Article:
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Achieving Scale and Quality in School-to-Work Internships: Findings from an Employer Survey (MDS-902)

T. Bailey, K. Hughes, T. Barr

Work-based learning is a central component of the school-to-work strategy. Yet this component is particularly difficult to build and institutionalize because it requires that educators and program organizers find appropriate settings where students can have work-based learning experiences. A widespread system of work-based learning in the form of internships or apprenticeships will need to involve thousands of employers willing to provide placements. Furthermore, those employers need to be willing to work with schools to see that those placements have educational value. Reluctant employers are not likely to cooperate enthusiastically in creating a positive learning environment on the job. Thus, the process of employer recruitment also has a strong bearing on the quality of internship placements.

This report examines the issue of employer involvement in the school-to-work strategy by comparing the characteristics of participating employers to a comparison sample of nonparticipating employers. A multilevel research design was used, combining case studies of specific programs with a survey of employers participating in those programs and a survey of a comparison group of nonparticipating employers in those same labor markets. The motivations of employer participants are identified. We also explore the quality of work-based learning placements to try to identify the relationship between the characteristics and motivations of employer participants and the quality of the internships that they provide. By better understanding the process of employer recruitment and the motivations of participants and how those relate to the quality of placements, we hope to help program operators find an adequate number of good-quality placements. Finally, our survey of nonparticipating employers provides information that allows us to estimate the rate of employer participation in internship programs in the cities that we surveyed.

Existing research on employer participation in work-based learning falls into two broad categories. The first includes theoretical discussions about employer participation and for the most part these tend to be somewhat pessimistic, failing to find any strong incentives for employers to participate, although noting potential reasons for them to do so. The theoretical arguments include a useful framework of three types of motivation which may affect employers' decisions to participate in school-to-work programs. These three types of motivation are philanthropic, individual, and collective.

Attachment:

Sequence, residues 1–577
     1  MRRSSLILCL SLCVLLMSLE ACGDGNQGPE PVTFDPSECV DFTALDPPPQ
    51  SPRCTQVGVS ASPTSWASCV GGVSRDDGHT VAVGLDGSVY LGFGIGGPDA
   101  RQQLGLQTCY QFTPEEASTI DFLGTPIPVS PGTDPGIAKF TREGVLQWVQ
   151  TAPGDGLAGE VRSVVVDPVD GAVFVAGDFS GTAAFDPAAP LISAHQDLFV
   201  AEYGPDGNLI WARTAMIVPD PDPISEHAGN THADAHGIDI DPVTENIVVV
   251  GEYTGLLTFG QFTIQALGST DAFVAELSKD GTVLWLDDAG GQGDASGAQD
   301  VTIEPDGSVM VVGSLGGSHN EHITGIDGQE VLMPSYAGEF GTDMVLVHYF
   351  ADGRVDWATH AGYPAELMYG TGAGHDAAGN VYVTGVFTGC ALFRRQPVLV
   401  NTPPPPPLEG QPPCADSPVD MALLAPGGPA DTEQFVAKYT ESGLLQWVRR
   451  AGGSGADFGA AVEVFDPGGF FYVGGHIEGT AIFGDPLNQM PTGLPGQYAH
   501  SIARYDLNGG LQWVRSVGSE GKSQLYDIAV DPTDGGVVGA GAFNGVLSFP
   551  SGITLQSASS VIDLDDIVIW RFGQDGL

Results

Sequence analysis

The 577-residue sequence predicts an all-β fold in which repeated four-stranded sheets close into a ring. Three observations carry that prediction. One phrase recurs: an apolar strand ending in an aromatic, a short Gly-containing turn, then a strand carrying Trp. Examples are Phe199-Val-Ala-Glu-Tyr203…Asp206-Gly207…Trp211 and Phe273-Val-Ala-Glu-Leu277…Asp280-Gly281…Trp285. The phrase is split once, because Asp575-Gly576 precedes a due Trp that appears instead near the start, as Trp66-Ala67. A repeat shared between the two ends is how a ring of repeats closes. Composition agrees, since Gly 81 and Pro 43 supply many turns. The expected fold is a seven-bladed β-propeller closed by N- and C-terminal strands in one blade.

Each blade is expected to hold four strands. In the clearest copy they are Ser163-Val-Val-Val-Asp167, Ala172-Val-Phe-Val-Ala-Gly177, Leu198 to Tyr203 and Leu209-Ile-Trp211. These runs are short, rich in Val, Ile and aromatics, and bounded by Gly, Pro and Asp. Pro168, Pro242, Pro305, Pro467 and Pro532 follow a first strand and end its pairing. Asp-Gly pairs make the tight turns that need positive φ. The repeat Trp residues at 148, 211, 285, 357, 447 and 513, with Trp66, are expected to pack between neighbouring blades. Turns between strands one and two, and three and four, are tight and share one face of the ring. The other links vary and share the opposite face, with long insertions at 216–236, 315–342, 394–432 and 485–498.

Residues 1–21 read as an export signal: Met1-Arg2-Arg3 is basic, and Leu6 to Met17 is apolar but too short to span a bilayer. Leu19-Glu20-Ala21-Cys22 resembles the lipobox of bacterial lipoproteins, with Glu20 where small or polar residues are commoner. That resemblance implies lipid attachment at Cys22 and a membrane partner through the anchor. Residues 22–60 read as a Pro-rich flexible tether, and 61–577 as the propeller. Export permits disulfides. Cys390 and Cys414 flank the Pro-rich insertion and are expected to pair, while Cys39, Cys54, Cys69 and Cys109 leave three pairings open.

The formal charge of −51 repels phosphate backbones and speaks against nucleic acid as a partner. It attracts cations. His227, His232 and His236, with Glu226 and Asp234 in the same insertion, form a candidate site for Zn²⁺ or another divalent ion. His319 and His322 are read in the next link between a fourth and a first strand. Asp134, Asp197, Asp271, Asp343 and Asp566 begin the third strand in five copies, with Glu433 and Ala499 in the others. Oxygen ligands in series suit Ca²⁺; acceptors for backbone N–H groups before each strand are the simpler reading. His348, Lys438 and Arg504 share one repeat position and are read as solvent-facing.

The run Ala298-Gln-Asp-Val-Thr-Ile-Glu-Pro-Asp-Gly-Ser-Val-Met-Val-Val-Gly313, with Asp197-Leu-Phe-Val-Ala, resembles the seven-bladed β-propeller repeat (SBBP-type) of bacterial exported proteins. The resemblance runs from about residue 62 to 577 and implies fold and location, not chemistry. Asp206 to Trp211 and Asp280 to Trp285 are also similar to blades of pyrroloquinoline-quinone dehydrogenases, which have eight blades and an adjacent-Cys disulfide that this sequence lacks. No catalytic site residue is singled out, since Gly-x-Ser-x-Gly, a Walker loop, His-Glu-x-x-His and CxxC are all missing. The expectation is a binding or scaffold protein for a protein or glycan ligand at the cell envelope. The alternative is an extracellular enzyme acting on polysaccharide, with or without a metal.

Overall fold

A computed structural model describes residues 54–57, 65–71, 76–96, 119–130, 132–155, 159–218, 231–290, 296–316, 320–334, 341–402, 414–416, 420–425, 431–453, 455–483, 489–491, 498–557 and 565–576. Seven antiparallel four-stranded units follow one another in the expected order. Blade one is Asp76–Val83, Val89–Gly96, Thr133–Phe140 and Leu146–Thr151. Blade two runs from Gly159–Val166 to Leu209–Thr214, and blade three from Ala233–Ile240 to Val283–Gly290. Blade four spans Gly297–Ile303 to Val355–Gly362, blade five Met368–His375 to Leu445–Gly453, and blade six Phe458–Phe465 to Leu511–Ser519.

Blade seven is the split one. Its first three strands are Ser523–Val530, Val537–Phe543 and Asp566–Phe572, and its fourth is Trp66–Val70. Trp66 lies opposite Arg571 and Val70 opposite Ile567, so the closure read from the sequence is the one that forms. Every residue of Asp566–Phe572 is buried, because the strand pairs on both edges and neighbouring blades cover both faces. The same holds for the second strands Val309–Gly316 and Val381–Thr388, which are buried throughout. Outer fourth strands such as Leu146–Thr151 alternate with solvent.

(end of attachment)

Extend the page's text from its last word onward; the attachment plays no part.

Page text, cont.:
The second type of research consists of empirical studies, most of which are case studies of school-to-work programs which include some attention to the problems of employer recruitment. These tend to be somewhat more optimistic, reporting that employers are happy with the experiences and indeed that the student interns usually have exceeded the employers' expectations. A small number of the empirical studies comprise surveys of participating employers and these have mixed conclusions about the feasibility of widespread participation. Yet other recent studies are highlighting programs that are experiencing success in retaining and recruiting increasing numbers of employer partners.

This report expands our knowledge of the issue in two primary ways. First, our methodology allows a comparison between participating and nonparticipating employers. Any attempt to understand why firms participate, what the characteristics of participating firms are, and how nonparticipants might be recruited requires an investigation of both participating and nonparticipating firms. Second, previous studies have not explored the relationship between employer recruitment and program quality.

Sample and Methodology

The school-to-work programs chosen for this study were ones in which students were spending a significant amount of time in work-based learning outside of the classroom, as we believed that these would be the programs which require the most commitment from employer partners. In total, twelve programs at nine sites, both long-running and newly established, were selected as research sites; however, only five of these are survey sites. The five survey site programs are City-as-School in New York City, Kalamazoo Education for Employment in Kalamazoo, Michigan, the cooperative education program at LaGuardia Community College in New York City, the Greater Lehigh Valley Youth Apprenticeship program in Pennsylvania, and the Philadelphia Education for Employment School-to-Careers system.

Each program contributed a list of employers participating in the program. A matching sample of nonparticipating establishments in the program areas was created. The final survey was conducted by telephone from May to August of 1996. Complete responses were gathered from 334 participating employers and 323 nonparticipants. For participants, the survey asked for information about the firm's involvement in the program, and was answered by the person supervising the interns or coordinating the firm’s participation. In the nonparticipant version, the first section asked about hypothetical concerns that firms might have about participating in a school-to-work program. The second section (for both samples) asked for general characteristics of the establishment—employee demographics and turnover, human resources policies, and so on—and was answered by a human resources manager.

Participation Rates

Many firms in the United States have been providing internships, apprenticeships, and other forms of work-based learning for many years. For example, there are several hundred thousand students in cooperative education programs. It is important to know how many employers are now participating in some form of internship. Our survey of nonparticipants provides information that would allow us to make an estimate of the participation rate in the cities that we surveyed. Before interviewing respondents, we asked them if they were providing or had provided internships. According to our data, almost 25% of employers already provide internships, although this estimate is probably higher than a national participation rate would be, given that we selected these cities because they already had large and well-established internship programs. Still, a substantial minority of employers in these areas, especially the larger employers, are already participating in work-based learning programs.

Motivations for Participation